Disability Is Natural Books and Media

The parent of a child with autism taught her seven-year-old son to say to his teachers, "If I look at you when you talk, I can’t hear you." Like my son, this boy needed to look away in order to listen.

Kathie Snow

Eye Contact


New Ways of Thinking and Revolutionary Common Sense

“Making eye contact” is over-rated as an important “skill”—let’s put it in the same category as the antiquated notion that a limp handshake indicates a weak character. It’s time to stop judging people who may not always make eye contact, and time to stop torturing children and adults via therapies and other efforts to force them to make eye contact.

My son, Benjamin, has cerebral palsy. As a young child, he usually was not able to maintain his posture, hold his head up, listen, and make eye contact at the same time. He spent a lot of time with his head down, and his dad and I made the common (and unfortunate) mistake of assuming he had mentally “checked out” during these times. Imagine our shock and dismay (and ultimately joy) when we realized that our son heard every word we said (and memorized much of it) even though he didn’t appear to be “engaged” because he wasn’t making eye contact.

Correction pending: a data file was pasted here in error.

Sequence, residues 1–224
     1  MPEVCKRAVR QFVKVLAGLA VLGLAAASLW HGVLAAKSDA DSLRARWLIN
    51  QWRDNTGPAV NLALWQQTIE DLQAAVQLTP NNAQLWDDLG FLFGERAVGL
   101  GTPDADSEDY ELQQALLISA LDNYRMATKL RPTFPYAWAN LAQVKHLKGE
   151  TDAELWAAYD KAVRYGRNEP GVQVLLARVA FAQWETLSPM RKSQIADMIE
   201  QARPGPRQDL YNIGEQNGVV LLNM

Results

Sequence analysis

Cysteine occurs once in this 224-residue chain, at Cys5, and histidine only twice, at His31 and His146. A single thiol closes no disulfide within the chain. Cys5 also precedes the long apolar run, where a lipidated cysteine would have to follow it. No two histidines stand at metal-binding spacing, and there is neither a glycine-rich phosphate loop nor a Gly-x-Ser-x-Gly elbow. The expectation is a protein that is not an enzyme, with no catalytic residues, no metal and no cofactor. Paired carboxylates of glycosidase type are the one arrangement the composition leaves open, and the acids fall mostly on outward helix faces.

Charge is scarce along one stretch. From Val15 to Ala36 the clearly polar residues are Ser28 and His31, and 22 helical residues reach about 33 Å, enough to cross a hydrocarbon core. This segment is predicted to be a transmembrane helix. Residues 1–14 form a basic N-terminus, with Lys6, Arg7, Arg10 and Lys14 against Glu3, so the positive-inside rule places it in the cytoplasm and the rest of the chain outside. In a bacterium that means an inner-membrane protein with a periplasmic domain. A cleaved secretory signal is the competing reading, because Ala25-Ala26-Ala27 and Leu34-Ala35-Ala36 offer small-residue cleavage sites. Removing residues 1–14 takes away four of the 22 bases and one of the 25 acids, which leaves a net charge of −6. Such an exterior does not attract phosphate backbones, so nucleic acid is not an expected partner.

During years of physical and occupational therapies in Benjamin’s early years, therapists were insistent during eye-hand coordination and other activities. I remember a therapist trying to get Benjamin to hold a toy at “midline” and use his right hand and then the left to play with the toy. Benjamin’s head was often turned to the side, away from the toy, and the therapist repeatedly grabbed his chin and jerked his face back to the middle. As soon as she took her hand away, his head went back to where he wanted it. By this time, I realized Benjamin frequently used his peripheral vision (and I told the therapist to stop). He wasn’t being obstinate; he was positioning his head and eyes where they worked best for him.​ Click here to continue.